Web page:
No doubt Jesus shocked his audience by introducing as the 3d character not a Jewish layman but a Samaritan.  As you know, Jews and Samaritans hated each other.  And this Samaritan—evidently well-to-do because he’s got a donkey and some cash and is a frequent traveler on this road—stops to help, with no idea whom he’s helping, except that it’s a fellow human being in desperate need.  He gives 1st aid and transport and arranges for 1st-century hospitalization (such as it was), at some risk to himself, both obvious and less obvious.
The Good Samaritan (Rembrandt)
Then Jesus asks the scholar of the Law almost the same question the lawyer himself had asked:  which one proved to be a neighbor to the man in need (10:36)?  The lawyer practically chokes on his answer.  The Jews so despised Samaritans that he can’t even say the word, but only, “The one who treated him with mercy” (10:37).

Jesus’ final answer is, “Go and do likewise” (10:37).  This answers the lawyer’s original question, “What must I do to inherit eternal life?”  That, of course, is the question for every one of us.  And Jesus’ answer for each of us is the same:  Do what the Samaritan did in the parable—treat every man, and woman and child, as your neighbor.  Have compassion, extend mercy, to everyone, including people you don’t know and people you don’t like—to anyone in need.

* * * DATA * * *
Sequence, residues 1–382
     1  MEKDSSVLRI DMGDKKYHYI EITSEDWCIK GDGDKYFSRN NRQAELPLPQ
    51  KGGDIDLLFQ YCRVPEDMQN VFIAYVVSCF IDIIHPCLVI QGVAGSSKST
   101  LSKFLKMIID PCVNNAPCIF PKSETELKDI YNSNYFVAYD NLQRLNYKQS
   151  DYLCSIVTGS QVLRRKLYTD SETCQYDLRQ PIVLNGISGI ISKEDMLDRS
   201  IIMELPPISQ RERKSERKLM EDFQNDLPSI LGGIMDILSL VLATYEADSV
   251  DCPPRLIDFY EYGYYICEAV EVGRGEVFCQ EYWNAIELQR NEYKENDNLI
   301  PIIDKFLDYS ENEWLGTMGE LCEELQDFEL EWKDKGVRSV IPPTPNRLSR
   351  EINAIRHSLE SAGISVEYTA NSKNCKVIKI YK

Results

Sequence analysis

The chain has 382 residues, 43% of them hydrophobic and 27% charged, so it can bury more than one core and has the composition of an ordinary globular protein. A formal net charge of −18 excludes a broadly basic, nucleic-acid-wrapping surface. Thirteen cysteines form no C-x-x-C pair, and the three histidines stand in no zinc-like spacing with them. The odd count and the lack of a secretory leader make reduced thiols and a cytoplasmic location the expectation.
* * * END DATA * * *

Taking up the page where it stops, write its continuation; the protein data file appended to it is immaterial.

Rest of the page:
You remember the Pope’s answer to reporters during his press conference on his return flight from Mexico last February?  It’s not Christian to build a wall to prevent people from seeking refuge from violence or from economic desperation.  Refugees—whether they’re fleeing Central American violence or Syrian violence—are our neighbors.  Are we as a society prepared to “Go and do likewise”?
(The Southern Cross)
We hear often that we should stop providing foreign aid and take care of our own people 1st.  Yes, we should take care of our own people.  We should see that everyone in the U.S. has enuf to eat, has adequate health care, gets a good education and job training.  We should repair our racial tensions and prejudices, maintain our infrastructure, support clean energy and a healthy environment, and so on.